United States District Court, E.D. Michigan, Southern Division
OPINION AND ORDER HOLDING IN ABEYANCE THE PETITION
FOR WRIT OF HABEAS CORPUS AND ADMINISTRATIVELY CLOSING THE
NANCY G. EDMUNDS, UNITED STATES DISTRICT COURT JUDGE.
Avendt, (“Petitioner”), confined at the St. Louis
Correctional Facility in St. Louis, Michigan, filed a pro
se petition for writ of habeas corpus pursuant to 28
U.S.C. § 2254, challenging his conviction for three
counts of first-degree criminal sexual conduct, MICH. COMP.
LAWS § 750.520b(2)(b); and being a fourth felony
habitual offender, MICH. COMP. LAWS § 769.12. Petitioner
asks to hold the petition in abeyance to permit him to return
to the state courts to exhaust additional claims which are
not included in the current petition. The Court holds the
petition in abeyance and stays the proceedings under the
terms outlined in this opinion to permit petitioner to return
to the state courts to exhaust his additional claims. The
Court administratively closes the case.
was convicted by a jury in the Oakland County Circuit Court.
Petitioner's conviction was affirmed on appeal.
People v. Avendt, No. 332538, 2017 WL 4942802 (Mich.
Ct. App. Oct. 31, 2017), lv. den. 501 Mich. 1082,
911 N.W.2d 700 (2018).
filed what he has labeled a “Motion to Hold Habeas
Petition in Abeyance, ” which indicates his intention
to seek habeas relief from his state court conviction.
Petitioner asks this Court to hold his case in abeyance so he
can return to the state courts to exhaust additional claims.
Petitioner's motion is construed as a petition for writ
of habeas corpus.
has filed a motion to hold the petition for writ of habeas
corpus in abeyance.
Court construes petitioner's motion to hold the petition
for writ of habeas corpus as an actual petition for a writ of
habeas corpus filed pursuant to 28 U.S.C. § 2254,
because he indicates that he wishes to seek habeas relief on
his claims and requests to hold the petition for writ of
habeas corpus in abeyance while he pursues state
post-conviction relief in the state courts. See e.g.
Sueing v. Palmer, 503 Fed.Appx. 354, 356-57 (6th Cir.
2012)(petitioner's letter to the district court to grant
a stay and abeyance or to extend the time to file a petition
for writ of habeas corpus should have been construed as a new
habeas petition); Watkins v. Haas, 143 F.Supp.3d
632, 638, n. 4 (E.D. Mich. 2015), rev'd sub nom. on
other grds Watkins v. Deangelo-Kipp, 854 F.3d 846 (6th
Cir. 2017)(district court construed petitioner's request
to stay the petition as a newly filed petition for writ of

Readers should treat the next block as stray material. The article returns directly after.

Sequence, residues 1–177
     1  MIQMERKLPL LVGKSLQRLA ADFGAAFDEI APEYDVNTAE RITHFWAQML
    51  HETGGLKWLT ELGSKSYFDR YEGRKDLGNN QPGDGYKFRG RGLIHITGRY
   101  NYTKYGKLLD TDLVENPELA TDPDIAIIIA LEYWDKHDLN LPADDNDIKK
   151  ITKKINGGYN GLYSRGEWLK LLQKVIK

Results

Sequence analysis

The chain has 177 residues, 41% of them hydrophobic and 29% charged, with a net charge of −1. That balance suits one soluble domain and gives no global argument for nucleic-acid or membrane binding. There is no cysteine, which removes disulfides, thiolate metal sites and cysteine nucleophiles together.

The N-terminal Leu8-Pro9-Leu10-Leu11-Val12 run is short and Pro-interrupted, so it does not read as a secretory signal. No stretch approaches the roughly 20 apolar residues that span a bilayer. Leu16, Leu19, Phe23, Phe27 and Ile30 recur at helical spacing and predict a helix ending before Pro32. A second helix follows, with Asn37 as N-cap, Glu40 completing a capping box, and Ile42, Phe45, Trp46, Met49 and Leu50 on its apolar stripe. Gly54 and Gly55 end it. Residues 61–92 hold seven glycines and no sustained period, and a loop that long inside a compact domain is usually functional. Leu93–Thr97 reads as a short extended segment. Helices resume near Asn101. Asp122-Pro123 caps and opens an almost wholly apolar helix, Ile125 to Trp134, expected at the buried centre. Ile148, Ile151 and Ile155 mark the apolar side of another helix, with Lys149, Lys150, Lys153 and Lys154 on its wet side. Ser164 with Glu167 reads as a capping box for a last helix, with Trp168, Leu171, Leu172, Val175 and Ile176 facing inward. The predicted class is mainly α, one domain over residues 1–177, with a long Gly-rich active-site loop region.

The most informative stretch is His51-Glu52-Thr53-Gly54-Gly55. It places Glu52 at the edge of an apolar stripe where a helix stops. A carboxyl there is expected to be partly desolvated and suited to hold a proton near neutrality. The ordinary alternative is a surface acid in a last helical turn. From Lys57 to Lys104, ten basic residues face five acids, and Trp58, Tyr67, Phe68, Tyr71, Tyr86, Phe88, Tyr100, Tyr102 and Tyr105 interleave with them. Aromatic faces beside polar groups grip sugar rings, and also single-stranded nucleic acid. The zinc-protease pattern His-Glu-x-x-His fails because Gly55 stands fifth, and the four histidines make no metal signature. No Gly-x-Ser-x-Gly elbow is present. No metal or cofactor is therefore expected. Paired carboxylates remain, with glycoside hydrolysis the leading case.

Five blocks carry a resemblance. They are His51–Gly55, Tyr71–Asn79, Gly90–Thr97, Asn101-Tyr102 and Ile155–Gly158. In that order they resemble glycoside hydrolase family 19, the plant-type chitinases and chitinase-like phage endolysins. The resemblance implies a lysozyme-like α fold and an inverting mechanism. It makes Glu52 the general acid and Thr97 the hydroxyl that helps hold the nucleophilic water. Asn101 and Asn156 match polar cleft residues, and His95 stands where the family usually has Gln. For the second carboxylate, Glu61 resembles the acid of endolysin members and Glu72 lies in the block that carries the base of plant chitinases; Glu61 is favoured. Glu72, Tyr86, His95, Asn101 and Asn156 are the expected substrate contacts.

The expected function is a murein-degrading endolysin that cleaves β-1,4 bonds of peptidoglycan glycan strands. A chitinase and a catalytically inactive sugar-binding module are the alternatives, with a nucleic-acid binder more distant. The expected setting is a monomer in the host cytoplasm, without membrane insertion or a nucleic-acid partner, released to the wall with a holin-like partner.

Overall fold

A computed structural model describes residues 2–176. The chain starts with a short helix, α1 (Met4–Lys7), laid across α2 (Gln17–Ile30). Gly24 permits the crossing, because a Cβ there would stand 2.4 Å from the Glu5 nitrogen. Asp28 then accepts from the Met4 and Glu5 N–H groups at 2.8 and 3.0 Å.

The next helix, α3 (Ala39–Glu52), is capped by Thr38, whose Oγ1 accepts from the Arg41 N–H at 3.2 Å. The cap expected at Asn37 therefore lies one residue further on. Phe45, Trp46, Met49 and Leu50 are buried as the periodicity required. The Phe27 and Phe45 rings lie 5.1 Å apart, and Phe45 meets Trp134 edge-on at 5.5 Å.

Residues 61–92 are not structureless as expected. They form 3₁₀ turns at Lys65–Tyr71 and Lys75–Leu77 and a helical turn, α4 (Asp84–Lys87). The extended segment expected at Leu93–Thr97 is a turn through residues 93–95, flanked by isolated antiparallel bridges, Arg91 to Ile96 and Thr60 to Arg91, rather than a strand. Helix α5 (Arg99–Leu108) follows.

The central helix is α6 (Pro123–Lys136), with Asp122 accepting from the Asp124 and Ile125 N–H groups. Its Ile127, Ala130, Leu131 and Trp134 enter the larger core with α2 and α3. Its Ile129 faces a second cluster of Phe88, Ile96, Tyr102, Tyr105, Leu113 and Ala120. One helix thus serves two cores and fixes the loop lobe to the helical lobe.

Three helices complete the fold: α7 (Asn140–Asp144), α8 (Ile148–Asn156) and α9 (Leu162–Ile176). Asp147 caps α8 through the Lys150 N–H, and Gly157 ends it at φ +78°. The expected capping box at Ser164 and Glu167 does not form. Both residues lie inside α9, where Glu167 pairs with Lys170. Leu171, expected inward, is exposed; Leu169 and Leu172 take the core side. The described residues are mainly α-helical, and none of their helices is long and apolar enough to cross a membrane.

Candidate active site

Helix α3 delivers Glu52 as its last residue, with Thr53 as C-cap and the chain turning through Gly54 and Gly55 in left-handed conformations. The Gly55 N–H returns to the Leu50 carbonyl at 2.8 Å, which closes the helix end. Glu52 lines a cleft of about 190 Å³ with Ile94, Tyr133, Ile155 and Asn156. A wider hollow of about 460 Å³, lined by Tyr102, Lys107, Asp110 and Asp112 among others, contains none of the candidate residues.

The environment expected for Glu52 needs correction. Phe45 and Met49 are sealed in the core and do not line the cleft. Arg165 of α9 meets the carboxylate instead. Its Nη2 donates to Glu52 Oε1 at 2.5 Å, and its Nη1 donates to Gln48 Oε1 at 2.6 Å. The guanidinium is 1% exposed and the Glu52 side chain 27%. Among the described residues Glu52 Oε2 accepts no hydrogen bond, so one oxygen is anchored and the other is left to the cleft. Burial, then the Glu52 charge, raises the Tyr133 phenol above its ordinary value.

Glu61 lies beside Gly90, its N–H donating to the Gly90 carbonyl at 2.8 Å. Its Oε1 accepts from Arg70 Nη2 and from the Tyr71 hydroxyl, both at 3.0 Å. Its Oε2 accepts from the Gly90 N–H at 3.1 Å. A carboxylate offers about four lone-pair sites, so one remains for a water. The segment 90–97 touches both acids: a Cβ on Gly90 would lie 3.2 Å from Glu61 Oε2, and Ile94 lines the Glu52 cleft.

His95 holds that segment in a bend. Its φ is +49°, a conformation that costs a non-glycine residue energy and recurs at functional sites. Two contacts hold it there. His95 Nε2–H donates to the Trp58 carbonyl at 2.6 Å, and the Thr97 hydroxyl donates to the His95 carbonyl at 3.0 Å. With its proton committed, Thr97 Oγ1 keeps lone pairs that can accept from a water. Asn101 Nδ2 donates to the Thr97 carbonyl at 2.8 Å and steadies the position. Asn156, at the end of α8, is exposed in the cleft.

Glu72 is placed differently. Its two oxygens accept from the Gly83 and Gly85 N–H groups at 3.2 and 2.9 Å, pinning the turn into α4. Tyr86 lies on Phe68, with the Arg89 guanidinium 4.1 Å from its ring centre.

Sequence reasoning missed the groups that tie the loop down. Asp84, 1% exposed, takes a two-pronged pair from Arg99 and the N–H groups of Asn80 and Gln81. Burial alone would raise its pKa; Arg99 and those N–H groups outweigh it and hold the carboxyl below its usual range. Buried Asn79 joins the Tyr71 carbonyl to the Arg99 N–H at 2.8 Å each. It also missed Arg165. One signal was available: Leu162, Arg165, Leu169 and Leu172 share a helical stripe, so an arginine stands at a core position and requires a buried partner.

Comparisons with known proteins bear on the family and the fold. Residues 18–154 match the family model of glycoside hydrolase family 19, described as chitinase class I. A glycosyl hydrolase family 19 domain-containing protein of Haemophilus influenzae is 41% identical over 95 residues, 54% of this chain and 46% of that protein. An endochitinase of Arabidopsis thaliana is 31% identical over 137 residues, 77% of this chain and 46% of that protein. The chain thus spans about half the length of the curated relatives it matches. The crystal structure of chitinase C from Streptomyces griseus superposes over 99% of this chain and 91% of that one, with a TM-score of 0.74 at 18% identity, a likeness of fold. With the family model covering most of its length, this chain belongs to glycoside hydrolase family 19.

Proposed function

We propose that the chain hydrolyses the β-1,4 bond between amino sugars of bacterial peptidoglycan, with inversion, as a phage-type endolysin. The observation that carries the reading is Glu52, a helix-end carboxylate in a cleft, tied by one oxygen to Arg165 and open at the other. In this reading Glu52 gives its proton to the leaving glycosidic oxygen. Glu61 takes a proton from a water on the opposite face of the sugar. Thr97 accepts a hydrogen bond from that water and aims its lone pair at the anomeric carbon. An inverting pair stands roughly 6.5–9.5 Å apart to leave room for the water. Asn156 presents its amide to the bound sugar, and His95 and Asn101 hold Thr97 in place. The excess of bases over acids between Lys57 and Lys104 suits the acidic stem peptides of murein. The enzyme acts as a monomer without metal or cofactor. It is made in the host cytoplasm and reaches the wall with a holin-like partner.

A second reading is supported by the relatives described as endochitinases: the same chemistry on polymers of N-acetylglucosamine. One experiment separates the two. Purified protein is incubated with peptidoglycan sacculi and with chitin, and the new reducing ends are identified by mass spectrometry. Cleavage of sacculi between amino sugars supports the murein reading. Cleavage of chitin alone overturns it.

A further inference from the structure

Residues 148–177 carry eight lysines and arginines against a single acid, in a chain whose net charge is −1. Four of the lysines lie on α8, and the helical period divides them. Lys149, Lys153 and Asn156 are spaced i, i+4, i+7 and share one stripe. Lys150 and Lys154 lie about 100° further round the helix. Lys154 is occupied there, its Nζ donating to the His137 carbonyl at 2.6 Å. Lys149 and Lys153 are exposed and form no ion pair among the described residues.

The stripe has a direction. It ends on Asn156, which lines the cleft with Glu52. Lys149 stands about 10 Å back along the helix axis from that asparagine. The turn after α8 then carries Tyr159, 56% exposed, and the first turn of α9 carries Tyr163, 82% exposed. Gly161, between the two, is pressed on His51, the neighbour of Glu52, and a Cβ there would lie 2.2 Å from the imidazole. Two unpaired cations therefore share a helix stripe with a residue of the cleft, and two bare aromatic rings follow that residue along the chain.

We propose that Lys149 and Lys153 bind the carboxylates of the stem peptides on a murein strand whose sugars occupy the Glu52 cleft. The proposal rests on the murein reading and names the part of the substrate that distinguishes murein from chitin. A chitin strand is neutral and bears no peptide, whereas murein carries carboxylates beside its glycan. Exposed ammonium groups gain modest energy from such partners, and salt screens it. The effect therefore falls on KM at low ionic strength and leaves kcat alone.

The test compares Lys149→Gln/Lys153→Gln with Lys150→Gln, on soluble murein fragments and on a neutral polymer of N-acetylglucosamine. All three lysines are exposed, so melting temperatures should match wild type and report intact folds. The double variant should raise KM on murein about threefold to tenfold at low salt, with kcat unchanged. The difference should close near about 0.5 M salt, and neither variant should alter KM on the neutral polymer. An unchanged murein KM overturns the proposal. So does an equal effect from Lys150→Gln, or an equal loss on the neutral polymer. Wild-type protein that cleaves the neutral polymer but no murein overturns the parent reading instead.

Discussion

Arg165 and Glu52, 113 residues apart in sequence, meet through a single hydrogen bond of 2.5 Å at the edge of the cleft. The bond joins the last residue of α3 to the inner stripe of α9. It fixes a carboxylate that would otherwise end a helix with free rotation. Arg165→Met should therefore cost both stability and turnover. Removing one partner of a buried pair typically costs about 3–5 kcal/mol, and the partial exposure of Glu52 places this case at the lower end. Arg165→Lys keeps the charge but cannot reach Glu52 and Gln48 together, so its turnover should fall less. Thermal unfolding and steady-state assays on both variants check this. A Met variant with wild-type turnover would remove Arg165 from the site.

The motion to hold the petition in abeyance is
federal district court is authorized to stay fully exhausted
federal habeas petitions pending the exhaustion of other
claims in the state courts. See Bowling v.
Haeberline, 246 Fed.Appx. 303, 306 (6th Cir. 2007)(a
habeas court is entitled to delay a decision in a habeas
petition that contains only exhausted claims “when
considerations of comity and judicial economy would be
served”); See also Thomas v. Stoddard, 89
F.Supp.3d 937, 943 (E.D. Mich. 2015).
Court grants petitioner's motion to hold the petition in
abeyance while he returns to the state courts to exhaust. The
outright dismissal of the petition, even if it is without
prejudice, might bar review of petitioner's claims in
this Court due to the expiration of the one year statute of
limitations contained in the Antiterrorism and Effective
Death Penalty Act (AEDPA). See 28 U.S.C. §
2244(d)(1). A common reason for holding a habeas petition in
abeyance arises when the original petition was timely filed,
but a second, exhausted habeas petition would be time barred
by the AEDPA's statute of limitations. See Hargrove
v. Brigano, 300 F.3d 717, 720-21 (6th Cir. 2002).
even where a district court determines that a stay is
appropriate pending exhaustion, the district court
“should place reasonable time limits on a
petitioner's trip to state court and back.”
Rhines v. Weber, 544 U.S. 269, 278 (2005). To ensure
that there are no delays by petitioner in exhausting state
court remedies, this Court imposes time limits within which
petitioner must proceed with his state court post-conviction
proceedings. See Palmer v. Carlton, 276 F.3d 777,
781 (6th Cir. 2002).
Court holds the petition in abeyance to allow petitioner to
initiate post-conviction proceedings in the state courts.
This tolling is conditioned upon petitioner initiating his
state post-conviction remedies within sixty days of receiving
this Court's order and returning to federal court within
sixty days of ...